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News aggregators: aggravating

Thursday, 4 October 2012

I'm told that tablet users read more news and in more depth. That certainly matches my experience. I can spend an hour or more checking out RSS feeds and news collection apps each day. I'm also doing it for this review.

Most of the time I use what are known as aggregators, which usually take the RSS feeds offered by many news sources and repackage them to make them easier to browse.

Some of these aggregators just take your subscriptions from Google Reader, while others offer their own repackaging of sources or allow you to specify the feeds you want to read.

They are all great time wasters, akin to reading every story in the newspaper. Even if you don't read every article, you still frequently need to scan the headline and its explanation (often a click away) to know whether you want to go further.

Here is my quick summary of what each of these sources has to offer.


Rating: ++++
Cost: Free with iPad2

This is the App that sold me on the iPad2 – after I'd bought it, of course. This, I thought, is how we want our news: an introductory para, with the ability to get the full version if we want it. I loved the high-res photos with vibrant colors I couldn't get on my laptop, since I rarely allowed them to take over my whole screen. A while later, after a month perhaps, I didn't tap on the Flip button quickly enough and thus got the treat of those moving panoramic photo covers.

What I don't like

At first I was disturbed by the way introductory paras would break off arbitrarily, it seemed. And not all expansion pages worked in the sme way. I'd have also preferred more choice than ReadItLater to save pages. Now, after a year, I am even more bothered by the limited choice of sources, and I'd rather like the option to see stories as a simple list à la Google Reader. I couldn't care less about sending my favorites to Twitter (though some people might, and mark down Safari for this). I just don't believe the material is unusual enough to be worth passing on publicly. But I am intrigued by the Content Curators section, an aggregation of aggregators. Inside Flipboard is also worth browing for updates on the constantly changing offerings.

I also have to admit that I rarely use it these days. I have moved on to more specific aggregators (such as Zite and FeeddlerPro), so that the flash and bling of Flipboard no longer has the same appeal. If only I had access to it in every doctor's office. National Geographic and the gossip mags would be out of business.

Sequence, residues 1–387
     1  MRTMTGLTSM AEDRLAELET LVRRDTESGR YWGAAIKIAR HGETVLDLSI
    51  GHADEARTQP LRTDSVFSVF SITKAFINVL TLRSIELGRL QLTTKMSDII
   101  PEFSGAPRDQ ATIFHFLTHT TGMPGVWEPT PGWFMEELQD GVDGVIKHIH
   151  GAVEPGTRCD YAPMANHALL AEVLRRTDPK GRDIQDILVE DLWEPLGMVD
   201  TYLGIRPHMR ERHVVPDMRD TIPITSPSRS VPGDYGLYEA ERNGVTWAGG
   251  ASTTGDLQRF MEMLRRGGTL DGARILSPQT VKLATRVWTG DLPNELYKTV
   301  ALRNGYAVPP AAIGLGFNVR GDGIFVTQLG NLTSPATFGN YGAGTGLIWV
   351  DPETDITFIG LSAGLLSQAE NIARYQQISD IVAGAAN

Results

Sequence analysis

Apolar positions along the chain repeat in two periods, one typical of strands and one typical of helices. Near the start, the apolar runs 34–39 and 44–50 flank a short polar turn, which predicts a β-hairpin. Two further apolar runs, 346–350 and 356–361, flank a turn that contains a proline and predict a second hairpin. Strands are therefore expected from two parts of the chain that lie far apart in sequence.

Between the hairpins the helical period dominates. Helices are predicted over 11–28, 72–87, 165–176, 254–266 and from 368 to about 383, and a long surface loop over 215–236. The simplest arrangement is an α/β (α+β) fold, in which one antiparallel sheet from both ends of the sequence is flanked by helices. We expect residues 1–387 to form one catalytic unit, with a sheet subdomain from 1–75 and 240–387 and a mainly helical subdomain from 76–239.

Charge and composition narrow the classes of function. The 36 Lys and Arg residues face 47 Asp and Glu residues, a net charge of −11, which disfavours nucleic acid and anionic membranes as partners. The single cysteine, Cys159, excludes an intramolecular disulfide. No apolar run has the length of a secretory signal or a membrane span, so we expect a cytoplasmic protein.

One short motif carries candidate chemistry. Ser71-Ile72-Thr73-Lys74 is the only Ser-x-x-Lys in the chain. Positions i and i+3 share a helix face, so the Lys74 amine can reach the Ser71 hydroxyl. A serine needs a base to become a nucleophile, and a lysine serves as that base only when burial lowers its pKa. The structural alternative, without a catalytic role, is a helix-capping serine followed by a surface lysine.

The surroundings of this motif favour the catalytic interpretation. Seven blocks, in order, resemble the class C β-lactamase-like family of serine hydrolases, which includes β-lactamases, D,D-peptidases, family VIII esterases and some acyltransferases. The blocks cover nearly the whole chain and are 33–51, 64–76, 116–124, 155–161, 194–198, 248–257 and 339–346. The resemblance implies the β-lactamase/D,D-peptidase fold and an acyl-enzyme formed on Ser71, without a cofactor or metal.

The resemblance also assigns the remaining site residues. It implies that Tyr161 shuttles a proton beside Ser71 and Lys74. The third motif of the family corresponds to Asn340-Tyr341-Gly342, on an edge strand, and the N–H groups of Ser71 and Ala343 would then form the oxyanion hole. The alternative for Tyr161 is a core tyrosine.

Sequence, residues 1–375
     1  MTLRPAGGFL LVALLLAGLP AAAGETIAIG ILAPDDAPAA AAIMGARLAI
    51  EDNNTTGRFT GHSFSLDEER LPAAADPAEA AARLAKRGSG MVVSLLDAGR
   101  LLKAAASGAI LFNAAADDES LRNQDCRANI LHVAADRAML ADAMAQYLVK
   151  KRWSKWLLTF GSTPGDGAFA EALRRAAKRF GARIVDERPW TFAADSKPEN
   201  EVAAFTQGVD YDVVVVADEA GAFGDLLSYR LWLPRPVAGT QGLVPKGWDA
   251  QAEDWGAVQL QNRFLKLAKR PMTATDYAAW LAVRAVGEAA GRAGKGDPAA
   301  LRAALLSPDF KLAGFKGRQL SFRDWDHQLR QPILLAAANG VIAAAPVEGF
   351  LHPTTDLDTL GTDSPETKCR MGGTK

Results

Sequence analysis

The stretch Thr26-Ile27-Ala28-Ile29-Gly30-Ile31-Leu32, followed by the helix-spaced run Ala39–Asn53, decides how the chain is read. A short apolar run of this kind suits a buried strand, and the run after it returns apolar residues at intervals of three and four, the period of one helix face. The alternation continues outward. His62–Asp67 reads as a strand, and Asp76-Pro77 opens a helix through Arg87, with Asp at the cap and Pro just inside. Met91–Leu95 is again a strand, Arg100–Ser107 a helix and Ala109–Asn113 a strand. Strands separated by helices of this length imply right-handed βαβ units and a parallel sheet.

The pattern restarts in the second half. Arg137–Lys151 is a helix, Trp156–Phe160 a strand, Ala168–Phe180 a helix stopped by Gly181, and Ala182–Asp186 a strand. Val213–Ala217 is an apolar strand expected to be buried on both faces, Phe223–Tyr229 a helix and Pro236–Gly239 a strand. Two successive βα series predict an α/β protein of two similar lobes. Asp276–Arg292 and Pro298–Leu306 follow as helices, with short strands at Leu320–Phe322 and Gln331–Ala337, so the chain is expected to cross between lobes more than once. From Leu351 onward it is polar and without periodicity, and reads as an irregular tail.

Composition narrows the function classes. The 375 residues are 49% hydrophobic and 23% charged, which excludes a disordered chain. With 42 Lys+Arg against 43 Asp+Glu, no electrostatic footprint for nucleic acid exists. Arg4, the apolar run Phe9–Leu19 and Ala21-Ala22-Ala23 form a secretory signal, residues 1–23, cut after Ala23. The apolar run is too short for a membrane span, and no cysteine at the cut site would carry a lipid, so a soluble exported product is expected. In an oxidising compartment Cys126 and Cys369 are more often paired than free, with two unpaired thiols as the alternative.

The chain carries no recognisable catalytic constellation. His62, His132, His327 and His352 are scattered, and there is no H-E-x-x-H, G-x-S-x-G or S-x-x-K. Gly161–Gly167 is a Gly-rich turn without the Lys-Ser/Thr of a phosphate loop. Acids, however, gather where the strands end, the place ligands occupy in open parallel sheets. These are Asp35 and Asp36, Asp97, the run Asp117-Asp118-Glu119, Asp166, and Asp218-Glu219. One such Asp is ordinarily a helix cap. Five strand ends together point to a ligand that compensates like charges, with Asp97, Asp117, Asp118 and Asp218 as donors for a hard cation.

Rating: ++++
Cost: $4.99/Free (Ads)

FeeddlerPro, a product of a wouldbe entrepreneur from San Francisco Bay (Che-Bin Liu), looks a lot like Google Reader, but it has a number of really great additions.

First, there is a Lite version (with unobtrusive ads) that you can use to try out the news reader without having to pay for the Pro version immediately, which is what I did.

Second, and really important, Feeddler (don't ask me what that second d is doing in there: feedler is not a rival website. Perhaps the d stands for the really dumb things Feeddler does with all the benefits I am about to list from this news reader):

Anyway, great addition no 2: Feeddler has Evernote and Delicious as well as ReadItLater and Instapaper, email, Facebook, Twitter and email options for saving and tagging items as well as opening them in Safari.

But you can't specify another browser if you don't like Safari, and Feedler doesn't bunch stories on the same topic together.

It saves to Evernote but gives you no choice of notebook or tags. So you have to open Evernote afterwards to reorganize your files from your default Evernote notebook.

But it also synchs with Dropbox.

It has a good text viewer with the facility to switch over to a Full Text enhanced view, which for most purposes is all you need. It is an easy way to send clean text to Evernote, for example.

Once you switch over to page view you can arrow forward or back through this full view.

So it is down there in my Favorites bar, despite my preference for the next newsreader.


Rating: ++++
Cost: Free

Currently my favorite aggregator, or would be if I didn't rely so much on Feeddler. It announces itself as allowing you to make your own newspaper, but one of its best tricks is to format your Twitter subscriptions and Facebook wall into straightforward, readable columns. Made in Montreal, Canada. It removes all adds from web pages.